Autumn on the Shores of Zugersee


Autumn on the Shores of Zugersee

Fall is wonderful in itself — the new crispness in the air, the explosion of color in the trees — and for its promise of another ski season just around the corner.  Of course, Switzerland is beautiful in the fall — when is it not anything less than gorgeous?  But there is one little price to pay for the privilege: we have to live in fog for a good deal of the season.

This isn’t true everywhere, but in those areas near those beautiful lakes that make a perfect background for every picture.  It seems that the interaction of lake water and cooling air produces dense fog, which backs up against those lovely hills and can just sit there for days at a time.

Or, as is most often the case, the day begins in dense fog — I mean, so dense that you can’t even see St. Martin’s church tower a couple of blocks away (though, of course, you can always hear its bells.) And gradually, the fog burns off, at least in part, leaving a haze in the air that makes for spectacular sunsets.

The solution is, as always, simple — get up to the mountains.  Thus, for the past month we have taken advantage of every free day to get above the fog for a hike.  At least one day each weekend we have hiked in some valley or other, exulting in the fall color.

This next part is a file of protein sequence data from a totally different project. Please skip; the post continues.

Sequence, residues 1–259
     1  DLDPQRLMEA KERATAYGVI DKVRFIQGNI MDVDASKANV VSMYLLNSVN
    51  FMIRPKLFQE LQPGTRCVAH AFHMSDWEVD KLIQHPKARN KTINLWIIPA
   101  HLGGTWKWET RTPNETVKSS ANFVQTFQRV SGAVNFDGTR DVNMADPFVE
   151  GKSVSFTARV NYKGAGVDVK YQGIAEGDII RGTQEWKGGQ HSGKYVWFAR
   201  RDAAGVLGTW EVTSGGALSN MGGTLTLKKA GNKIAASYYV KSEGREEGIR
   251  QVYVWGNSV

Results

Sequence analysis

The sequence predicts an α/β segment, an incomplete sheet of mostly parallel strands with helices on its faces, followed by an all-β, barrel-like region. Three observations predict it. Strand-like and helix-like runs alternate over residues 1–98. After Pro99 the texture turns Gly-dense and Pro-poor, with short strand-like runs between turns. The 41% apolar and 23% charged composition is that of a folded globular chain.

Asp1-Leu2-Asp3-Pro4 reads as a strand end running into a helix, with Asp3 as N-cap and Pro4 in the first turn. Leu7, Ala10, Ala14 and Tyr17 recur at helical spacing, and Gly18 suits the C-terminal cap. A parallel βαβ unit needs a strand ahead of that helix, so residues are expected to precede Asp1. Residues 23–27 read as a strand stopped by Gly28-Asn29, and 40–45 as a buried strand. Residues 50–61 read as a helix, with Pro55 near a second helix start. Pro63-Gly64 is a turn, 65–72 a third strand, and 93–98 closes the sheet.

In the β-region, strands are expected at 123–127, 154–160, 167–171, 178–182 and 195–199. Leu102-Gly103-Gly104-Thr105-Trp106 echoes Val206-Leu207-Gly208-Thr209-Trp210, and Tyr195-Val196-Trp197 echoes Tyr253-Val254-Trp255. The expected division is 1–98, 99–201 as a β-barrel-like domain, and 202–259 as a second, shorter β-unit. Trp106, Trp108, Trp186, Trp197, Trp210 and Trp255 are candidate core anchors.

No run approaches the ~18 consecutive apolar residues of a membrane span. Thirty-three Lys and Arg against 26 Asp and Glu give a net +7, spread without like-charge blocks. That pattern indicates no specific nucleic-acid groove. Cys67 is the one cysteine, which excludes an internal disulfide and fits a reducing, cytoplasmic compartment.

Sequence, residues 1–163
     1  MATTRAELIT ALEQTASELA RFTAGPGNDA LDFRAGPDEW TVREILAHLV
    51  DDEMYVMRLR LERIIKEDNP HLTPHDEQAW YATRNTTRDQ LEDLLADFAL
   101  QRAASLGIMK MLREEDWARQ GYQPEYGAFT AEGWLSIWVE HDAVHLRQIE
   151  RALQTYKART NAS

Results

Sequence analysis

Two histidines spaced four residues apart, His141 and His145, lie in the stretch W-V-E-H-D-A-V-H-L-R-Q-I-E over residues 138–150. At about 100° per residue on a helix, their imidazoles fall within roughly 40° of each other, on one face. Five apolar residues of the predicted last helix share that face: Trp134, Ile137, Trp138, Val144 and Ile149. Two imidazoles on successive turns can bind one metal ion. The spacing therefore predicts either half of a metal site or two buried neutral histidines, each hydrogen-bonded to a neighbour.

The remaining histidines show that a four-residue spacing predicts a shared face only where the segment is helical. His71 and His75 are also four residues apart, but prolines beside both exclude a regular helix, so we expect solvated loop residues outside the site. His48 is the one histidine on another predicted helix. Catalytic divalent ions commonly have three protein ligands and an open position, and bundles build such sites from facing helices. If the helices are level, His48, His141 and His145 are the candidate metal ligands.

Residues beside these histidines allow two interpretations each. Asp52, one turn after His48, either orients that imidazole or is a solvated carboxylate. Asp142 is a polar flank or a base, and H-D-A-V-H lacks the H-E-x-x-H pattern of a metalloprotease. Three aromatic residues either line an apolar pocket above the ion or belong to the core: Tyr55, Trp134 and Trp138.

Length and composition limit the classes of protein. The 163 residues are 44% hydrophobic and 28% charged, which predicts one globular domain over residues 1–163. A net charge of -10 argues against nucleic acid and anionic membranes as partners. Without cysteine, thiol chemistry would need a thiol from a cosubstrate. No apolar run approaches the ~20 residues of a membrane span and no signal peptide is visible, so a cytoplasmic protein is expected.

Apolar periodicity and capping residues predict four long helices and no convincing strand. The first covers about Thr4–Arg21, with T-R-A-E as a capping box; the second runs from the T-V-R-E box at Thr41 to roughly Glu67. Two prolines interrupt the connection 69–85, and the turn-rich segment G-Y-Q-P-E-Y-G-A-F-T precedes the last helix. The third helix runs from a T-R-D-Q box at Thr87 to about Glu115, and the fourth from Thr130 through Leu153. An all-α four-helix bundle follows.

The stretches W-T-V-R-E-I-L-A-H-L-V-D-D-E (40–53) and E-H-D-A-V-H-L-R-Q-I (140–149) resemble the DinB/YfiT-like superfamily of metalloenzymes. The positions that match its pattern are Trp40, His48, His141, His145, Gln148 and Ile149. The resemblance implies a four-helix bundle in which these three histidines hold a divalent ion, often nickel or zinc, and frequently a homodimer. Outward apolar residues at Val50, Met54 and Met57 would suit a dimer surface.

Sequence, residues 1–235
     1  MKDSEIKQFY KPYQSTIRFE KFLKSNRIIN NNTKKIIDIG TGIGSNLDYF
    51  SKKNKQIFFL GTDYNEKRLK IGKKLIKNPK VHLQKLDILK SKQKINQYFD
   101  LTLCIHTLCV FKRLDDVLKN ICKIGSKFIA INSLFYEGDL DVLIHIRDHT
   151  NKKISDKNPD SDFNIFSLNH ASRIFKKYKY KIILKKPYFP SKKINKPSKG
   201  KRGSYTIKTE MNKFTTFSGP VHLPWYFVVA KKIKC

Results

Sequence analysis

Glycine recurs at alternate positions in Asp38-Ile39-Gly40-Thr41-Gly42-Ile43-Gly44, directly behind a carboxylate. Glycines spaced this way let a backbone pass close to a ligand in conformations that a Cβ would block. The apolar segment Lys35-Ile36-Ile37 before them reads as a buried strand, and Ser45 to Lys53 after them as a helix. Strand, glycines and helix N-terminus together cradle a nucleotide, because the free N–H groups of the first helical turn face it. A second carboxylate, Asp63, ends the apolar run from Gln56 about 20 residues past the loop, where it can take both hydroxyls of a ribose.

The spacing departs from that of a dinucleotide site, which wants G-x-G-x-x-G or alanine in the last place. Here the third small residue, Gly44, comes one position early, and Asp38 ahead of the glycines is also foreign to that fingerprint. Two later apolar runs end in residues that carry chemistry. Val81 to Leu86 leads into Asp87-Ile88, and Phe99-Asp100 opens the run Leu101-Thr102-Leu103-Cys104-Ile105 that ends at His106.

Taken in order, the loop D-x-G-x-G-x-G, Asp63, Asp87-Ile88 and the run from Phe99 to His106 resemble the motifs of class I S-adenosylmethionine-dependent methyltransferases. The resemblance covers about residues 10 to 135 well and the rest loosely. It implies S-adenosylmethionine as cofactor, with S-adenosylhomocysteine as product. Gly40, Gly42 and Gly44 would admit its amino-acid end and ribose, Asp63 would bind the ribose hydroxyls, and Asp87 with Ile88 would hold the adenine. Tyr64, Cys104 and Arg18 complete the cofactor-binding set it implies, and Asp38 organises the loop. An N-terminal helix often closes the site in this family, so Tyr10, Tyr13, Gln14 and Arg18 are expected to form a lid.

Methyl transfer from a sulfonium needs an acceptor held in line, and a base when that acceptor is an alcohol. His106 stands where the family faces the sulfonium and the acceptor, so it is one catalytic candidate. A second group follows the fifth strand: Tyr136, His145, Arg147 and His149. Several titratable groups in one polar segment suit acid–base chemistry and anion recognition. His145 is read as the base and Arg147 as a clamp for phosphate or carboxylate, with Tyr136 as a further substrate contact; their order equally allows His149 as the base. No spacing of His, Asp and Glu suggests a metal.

Being there also gives us an opportunity to check out the progress of snow on the highest peaks, which only whets our appetites for the ski season to come.

A few weekends ago we returned to the Haslital, one of our favorite valleys, and hiked along the Hasliberg, the uplands above.

Autumn also brings the opportunity to observe different local customs and traditions.  Few in Switzerland, apart from expatriates, celebrate Halloween.  Instead, November 1 is a holiday in Catholic cantons, as the Feast of All Saints, when people decorate the graves of loved ones with flowers, pine boughs and candles.  And in most communities at this time of year children participate in Räbeliechtliumzugs (roughly translated, little turnip light parades).


The parade took place in Baar  in November .  We were prepared in advance by a letter from school officials asking us to turn off our lights at the time of the parade to create an appropriate “atmosphere.”  Beginning at 6:45, all of the children in the town’s 20 kindergartens assembled at the Rathus (Town Hall) and then processed through the streets at the center of town.  Each carried on a pole a turnip that he or she had carved, brightly lit within by a candle.  Some times they sang traditional songs and others they were accompanied by a brass band.

The effect was magical, but unfortunately because of the light I was not able to get pictures.  This YouTube video from another community captures the atmosphere well, though.  Similar parades will be taking place at communities large and small throughout Switzerland.  I found the event touchingly simple and sweet.

About the Author

BargegirlBefore moving to Baar in September 2010, Bargegirl lived in Philadelphia.View all posts by Bargegirl →